Na zdrowie!

Maria, Sarah, Nick and Jenny

Advertisements

Highlights of Poland

Throughout the two weeks we’ve spent in Poland, we have had the chance to experience many new things. We’ve tasted unfamiliar foods, seen beautiful, historic buildings and heard the accounts of many Polish locals. Below, we have detailed a few of our most memorable trip moments.

Rynek Market Square

Christmas Market in Rynek Square

Christmas Market in Rynek Square

Old Town Krakow is centered around Rynek Główny (Rynek Square for us English-speakers). During our first week in Poland, much of our down time was spent exploring all this beautiful plaza has to offer: shops, restaurants, pubs, historic monuments and more. We attended mass at the square’s church, St. Mary’s Basillica, and shopped for souvenirs at the Cloth Hall market. We tried out underground restaurants featuring traditional Polish food, and learned about the square’s giant head monument while on our city tour.

Festival of the Epiphany crowd

Crowd surrounding the Nativity reenactment during the Festival of the Epiphany

My favorite visit to Rynek Square was during the Festival of the Epiphany. Before we even reached the plaza, we could tell we were in for an exciting day. A Christmas market was set up outside of the Cloth Hall, where small small stands sold trinkets made in Poland and every variety of Polish food you can imagine. The smell of sizzling meats, fresh pastries and hot drinks was enough to distract you from the Parade of the Three Kings taking place nearby, where they handed out tasty gingerbread cookies. A large crowd had gathered to watch a live Nativity display, and a few of us spent a while among the crowd listening as they sang familiar Christmas carols in Polish. It was amazing to see a city come together to celebrate religious holiday so dear to their hearts, unlike anything I’ve had the chance to experience in the States.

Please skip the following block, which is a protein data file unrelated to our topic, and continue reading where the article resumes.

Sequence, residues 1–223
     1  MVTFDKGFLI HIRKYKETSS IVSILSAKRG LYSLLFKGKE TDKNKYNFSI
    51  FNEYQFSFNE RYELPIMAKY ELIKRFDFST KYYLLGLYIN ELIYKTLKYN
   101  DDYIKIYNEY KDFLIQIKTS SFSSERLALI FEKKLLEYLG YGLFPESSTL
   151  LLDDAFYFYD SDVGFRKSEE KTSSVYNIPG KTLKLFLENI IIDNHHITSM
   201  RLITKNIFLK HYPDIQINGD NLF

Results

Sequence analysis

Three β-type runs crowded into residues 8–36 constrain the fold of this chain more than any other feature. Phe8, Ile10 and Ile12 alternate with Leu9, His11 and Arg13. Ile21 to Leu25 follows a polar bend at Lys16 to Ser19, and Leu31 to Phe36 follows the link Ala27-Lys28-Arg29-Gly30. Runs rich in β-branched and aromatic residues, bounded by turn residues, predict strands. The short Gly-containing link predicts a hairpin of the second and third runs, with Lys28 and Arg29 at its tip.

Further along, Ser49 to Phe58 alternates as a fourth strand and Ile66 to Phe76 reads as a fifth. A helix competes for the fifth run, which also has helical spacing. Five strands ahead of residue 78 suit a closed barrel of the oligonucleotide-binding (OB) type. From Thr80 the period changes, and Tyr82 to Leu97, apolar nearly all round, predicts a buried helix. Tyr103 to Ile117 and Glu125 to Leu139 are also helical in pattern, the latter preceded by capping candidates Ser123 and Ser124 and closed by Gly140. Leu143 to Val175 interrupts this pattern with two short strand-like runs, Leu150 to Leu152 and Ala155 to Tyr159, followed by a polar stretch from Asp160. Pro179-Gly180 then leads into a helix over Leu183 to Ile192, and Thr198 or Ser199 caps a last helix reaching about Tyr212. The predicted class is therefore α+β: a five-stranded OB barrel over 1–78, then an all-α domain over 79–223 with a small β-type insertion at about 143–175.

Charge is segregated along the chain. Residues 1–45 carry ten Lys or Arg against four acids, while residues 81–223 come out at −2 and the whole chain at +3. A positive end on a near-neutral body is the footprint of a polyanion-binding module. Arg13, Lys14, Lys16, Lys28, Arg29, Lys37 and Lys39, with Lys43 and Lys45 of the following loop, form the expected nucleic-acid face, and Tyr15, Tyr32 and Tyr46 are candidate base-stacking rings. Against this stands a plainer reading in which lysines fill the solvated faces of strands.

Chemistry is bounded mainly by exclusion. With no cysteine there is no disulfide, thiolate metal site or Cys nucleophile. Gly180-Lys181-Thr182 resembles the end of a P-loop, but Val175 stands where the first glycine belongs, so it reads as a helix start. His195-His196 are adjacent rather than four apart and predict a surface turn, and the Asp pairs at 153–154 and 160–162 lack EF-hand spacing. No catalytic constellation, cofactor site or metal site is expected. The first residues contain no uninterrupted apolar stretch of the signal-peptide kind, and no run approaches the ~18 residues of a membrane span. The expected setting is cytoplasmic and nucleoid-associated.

Maria Opatz

Churches of Poland

St. Mary's Basilica in Krakow

St. Mary’s Basilica in Krakow

With roughly 90 to 95% of Poland’s population being Catholic, it would be a major challenge to walk the streets of Krakow or Warsaw and not run into a church or chapel. The religious monuments of Poland have stood their ground for centuries yet remain extravagant, reverent, and a true sign of the country’s dedication to God and in some cases, a memorial to their past.

When we had the opportunity to go to mass at St. Mary’s Basilica in Krakow, we entered to the sight of many dedicated locals worshiping on the feast of the Epiphany. Our eyes were immediately redirected to the towering ceilings covered in gold, colors of blue, and paintings of religious figures. The entrancing smell of incense filled the air and the deep sounds of an all-male choir echoed through its walls.

A wall of a church showing bullet holes from a former Nazi execution.

A wall of a church showing bullet holes from a former Nazi execution.